Tuesday, September 14, 2010

Conference Presenter Basics

Are you planning to speak at a conference anytime soon? If so, here are a few basic things to remember...

Before you begin speaking...

  • SEND your information. Your photo, presentation title and blurb, AV Requirements etc. DON'T wait for them to chase you! Be pro-active and make it easy for the organiser.
  • Write an introduction. Email it to the organiser and also print it out and take it with you. Make it fun and focussed more on your message than on you.
  • Take your presentation slides. Take it on a USB, and name it with YOUR name. Not just the conference name. Make sure it is the ONLY file on the USB to avoid confusion.
  • ARRIVE in the conference room early.
  • FIND OUT what has happened before your presentation and what will be happening afterwards.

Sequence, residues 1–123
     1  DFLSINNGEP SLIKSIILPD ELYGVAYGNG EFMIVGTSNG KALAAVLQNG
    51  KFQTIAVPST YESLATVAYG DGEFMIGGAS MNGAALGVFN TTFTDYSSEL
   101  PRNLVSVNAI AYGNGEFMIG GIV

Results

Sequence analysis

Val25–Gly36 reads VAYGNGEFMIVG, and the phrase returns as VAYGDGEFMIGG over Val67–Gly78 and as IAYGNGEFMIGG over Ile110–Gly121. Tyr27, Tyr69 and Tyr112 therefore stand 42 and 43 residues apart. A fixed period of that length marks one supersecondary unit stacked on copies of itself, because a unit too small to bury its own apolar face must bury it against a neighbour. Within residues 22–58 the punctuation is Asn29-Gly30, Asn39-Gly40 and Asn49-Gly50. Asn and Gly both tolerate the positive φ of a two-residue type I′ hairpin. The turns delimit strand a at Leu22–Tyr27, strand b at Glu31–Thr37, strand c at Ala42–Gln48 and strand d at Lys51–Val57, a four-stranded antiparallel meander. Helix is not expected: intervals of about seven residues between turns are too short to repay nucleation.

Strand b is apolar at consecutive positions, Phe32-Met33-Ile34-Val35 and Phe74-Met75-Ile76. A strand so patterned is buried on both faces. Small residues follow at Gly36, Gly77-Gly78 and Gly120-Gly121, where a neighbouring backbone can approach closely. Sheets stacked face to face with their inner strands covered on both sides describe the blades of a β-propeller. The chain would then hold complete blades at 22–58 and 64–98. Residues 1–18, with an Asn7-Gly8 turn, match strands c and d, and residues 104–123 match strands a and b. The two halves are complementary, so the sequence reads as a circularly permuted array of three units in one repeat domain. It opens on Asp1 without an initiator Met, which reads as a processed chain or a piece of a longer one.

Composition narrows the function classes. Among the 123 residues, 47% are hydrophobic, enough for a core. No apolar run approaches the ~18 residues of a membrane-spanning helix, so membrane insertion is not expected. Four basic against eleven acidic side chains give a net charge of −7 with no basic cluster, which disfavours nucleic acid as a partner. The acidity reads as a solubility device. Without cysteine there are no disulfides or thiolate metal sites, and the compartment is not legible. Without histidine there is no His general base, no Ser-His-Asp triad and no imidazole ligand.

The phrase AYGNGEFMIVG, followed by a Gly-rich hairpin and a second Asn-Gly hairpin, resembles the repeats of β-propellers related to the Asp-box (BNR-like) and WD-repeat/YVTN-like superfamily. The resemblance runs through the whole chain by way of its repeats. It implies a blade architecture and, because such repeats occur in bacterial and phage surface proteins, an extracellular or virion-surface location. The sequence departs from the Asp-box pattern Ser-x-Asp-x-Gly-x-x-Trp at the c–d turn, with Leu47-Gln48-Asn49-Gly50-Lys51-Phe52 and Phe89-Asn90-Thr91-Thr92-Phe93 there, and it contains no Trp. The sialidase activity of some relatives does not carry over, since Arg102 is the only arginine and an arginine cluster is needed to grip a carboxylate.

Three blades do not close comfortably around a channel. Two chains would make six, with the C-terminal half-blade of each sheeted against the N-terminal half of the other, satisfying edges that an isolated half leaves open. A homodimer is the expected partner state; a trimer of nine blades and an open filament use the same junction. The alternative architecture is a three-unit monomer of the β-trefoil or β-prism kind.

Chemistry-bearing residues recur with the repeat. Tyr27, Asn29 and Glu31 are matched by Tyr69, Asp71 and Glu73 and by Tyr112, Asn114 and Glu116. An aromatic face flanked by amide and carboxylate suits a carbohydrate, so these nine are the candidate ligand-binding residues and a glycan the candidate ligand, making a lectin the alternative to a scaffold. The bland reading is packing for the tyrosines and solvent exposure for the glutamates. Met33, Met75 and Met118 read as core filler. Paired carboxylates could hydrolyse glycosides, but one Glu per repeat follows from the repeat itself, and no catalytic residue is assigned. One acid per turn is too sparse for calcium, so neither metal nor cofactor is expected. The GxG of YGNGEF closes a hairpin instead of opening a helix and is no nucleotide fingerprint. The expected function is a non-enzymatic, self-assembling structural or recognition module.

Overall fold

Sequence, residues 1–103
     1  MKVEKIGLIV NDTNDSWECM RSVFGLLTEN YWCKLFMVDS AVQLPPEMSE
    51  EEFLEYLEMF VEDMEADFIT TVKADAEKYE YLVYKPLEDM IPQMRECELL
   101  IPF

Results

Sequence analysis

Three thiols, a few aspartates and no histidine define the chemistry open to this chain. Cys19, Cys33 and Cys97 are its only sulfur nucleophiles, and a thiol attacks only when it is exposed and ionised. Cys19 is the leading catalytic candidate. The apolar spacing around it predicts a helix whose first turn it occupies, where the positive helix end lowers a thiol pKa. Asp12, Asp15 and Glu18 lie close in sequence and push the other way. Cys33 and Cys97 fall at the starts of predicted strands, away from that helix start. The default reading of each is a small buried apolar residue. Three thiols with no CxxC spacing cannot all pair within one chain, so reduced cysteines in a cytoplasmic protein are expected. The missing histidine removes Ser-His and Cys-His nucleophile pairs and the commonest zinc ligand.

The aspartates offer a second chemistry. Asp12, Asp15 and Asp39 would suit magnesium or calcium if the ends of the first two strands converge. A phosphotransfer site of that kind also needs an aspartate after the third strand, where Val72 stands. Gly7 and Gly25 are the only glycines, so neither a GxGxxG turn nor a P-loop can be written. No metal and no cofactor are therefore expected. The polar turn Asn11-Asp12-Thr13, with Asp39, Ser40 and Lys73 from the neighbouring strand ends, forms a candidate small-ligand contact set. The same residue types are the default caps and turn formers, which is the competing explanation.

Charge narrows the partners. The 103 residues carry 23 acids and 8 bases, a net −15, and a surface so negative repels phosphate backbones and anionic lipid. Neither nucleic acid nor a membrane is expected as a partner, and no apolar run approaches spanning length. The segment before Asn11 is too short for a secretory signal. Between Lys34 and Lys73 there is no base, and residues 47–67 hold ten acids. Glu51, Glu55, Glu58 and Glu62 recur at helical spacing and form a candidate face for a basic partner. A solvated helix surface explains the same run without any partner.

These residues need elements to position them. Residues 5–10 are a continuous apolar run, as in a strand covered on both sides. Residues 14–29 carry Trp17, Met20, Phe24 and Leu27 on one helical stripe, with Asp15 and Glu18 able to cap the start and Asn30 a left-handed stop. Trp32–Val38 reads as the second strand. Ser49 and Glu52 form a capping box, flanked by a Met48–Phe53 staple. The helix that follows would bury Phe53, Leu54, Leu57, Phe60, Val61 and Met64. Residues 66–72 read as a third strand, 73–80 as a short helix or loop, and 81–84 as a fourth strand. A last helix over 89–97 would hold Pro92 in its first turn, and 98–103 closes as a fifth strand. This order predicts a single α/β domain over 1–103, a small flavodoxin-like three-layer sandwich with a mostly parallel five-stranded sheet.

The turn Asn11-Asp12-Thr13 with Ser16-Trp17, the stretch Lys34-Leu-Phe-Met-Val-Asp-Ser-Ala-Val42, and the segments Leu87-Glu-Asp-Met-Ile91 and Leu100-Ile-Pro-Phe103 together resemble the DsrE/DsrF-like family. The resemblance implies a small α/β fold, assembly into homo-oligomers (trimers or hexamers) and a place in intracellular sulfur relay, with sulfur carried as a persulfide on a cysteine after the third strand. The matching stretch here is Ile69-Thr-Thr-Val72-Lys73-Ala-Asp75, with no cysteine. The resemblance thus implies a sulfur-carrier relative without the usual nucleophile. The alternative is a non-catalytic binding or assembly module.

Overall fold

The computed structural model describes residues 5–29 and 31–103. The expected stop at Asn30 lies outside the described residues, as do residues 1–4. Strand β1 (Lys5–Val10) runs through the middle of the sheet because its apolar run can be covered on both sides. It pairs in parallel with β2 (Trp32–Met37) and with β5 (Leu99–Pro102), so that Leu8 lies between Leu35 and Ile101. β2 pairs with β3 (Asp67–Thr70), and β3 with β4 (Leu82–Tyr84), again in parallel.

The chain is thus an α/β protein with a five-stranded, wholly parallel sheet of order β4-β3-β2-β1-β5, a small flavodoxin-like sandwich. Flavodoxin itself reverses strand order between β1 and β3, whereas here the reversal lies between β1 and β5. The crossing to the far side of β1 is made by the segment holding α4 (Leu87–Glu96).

Things to remember when on the stage...

  • Don't say, I'll get to that in a few minutes, or I'll speak about that later in my talk.
  • Don't read your slides.
  • Don't use someone else's material without attribution.
  • Do make the organiser look good. If authentic, praise them from the stage.
  • Do acknowledge the time remaining signs held up at the back of the room (or elsewhere). A nod will do.

And finally,

Make sure you know the actual finish time and length of talk, so you finish then, no matter what!


Matt Church


  1. Excellent advice as always, Matt. I think it all starts with genuine respect for the audience, the organisers and the other presenters.

    My advice to any speaker not prepared to do what you suggest is this: 'Just say 'No' in the first place, and let the gig go to someone who really values this opportunity.'

  2. Great advice Matt, thanks. MY top three conference presenter tips are compiled from my three biggest fails.
    1) Have something to say.
    2) Wear something that makes you look hot and feel hot, that's also comfortable so you can move with purpose and conviction and allow your movement punctuate your message.It's probably not a mini-skirt.
    3) Be a seductive carrot, not a know-it-all stick.